PHOENIX — Arizona’s “dreamers” will keep their licenses to drive — at least as long as the Deferred Action for Childhood Arrivals program exists.
The U.S. Supreme Court on Monday rejected the last-ditch plea by Arizona Attorney General Mark Brnovich to uphold a 2012 executive order by then-Gov. Jan Brewer to deny driver’s licenses to DACA recipients, an order current Gov. Doug Ducey has left in place.
The justices gave no reason for their ruling.
Monday’s ruling ends years of efforts by Arizona to claim that the Obama administration’s 2012 decision to allow those in DACA — people who arrived in the United States illegally as children — to remain in the United States and work does not mean they are “authorized” to be here. The program recipients are known as “dreamers.”
It was shortly after Obama’s action that Brewer directed the Arizona Department of Transportation to deny licenses to DACA recipients. She cited a 1996 Arizona law that says state licenses are available only to those whose presence in this country is “authorized by federal law.”
Brewer argued that the U.S. Department of Homeland Security has no legal authority to permit DACA recipients to remain and work.
That argument failed to convince federal appellate judges, who said Arizona cannot decide for itself who is legally entitled to be in the country. In fact, Judge Harry Pregerson wrote that the state policy “appears intended to express animus toward DACA recipients.”
With Monday’s high court action, that ruling is now final.
At last count, there were about 30,000 DACA recipients in Arizona. ADOT does not have current figures on how many were issued licenses while the case was pending. The last update, in April 2016, showed more than 21,000 DACA recipients with driver’s licenses.
Brewer said she was disappointed not only in Monday’s ruling but also in the fact that the Justice Department, now under the control of Donald Trump, whom she supported for president, asked the Supreme Court to reject Arizona’s petition.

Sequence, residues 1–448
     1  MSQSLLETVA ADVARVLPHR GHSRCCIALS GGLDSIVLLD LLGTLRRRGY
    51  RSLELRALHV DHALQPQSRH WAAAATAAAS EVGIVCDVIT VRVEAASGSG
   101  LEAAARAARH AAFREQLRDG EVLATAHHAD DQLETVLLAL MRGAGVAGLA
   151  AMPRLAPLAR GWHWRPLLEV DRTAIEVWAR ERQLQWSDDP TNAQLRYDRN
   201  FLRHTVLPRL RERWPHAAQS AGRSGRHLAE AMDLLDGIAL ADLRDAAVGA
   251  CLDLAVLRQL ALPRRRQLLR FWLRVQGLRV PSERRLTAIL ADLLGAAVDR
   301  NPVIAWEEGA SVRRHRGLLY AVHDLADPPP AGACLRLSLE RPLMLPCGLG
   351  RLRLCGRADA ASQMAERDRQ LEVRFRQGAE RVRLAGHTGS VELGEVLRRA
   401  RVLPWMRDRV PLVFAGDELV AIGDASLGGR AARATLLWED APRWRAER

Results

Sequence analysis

“Obviously, they trampled all over the Tenth Amendment,” she said, citing the amendment that says powers not delegated to the United States by the Constitution “are reserved to the states respectively, or to the people.” She called DACA “an illegal Obama executive action that trumped states’ rights.”
That essentially was the argument Brnovich made to the high court. He said the Office of Legal Counsel within the U.S. Department of Justice said in its own writing that DACA “does not establish any enforceable legal right to remain in the United States — and it may be revoked by immigration authorities at their discretion.”
Brewer said Monday’s ruling leaves two options going forward.
One is for Trump to rescind DACA, something the president has tried to do. But those efforts have so far been blocked by a federal judge. The Supreme Court has declined to intercede, meaning there will be no final decision before at least this fall.
The other, said Brewer, is for Congress to finally address the question, in statute, of whether DACA recipients should be allowed to stay.
That would not only make moot any question of whether they are “authorized” to be here but make it clear that they are entitled to the same rights and privileges, such as licenses, as other legal residents who are not citizens.
Brewer was not optimistic that might happen.
Brnovich echoed some of those sentiments, saying the justices “sidestepped the underlying issue of whether President Obama had the authority to create DACA.”
“It’s up to Congress now to determine how to address DACA policy and whether to provide recipients with a legally sound and lasting solution,” the attorney general said.
Karina Ruiz, executive director of the Arizona Dream Act Coalition, which sued to overturn Brewer’s policy, had a different take.
“DACA recipients in Arizona can declare victory in our fight to end the state’s malicious attack that spanned six years and two governors and was aimed at stripping us of basic civil rights,” she said.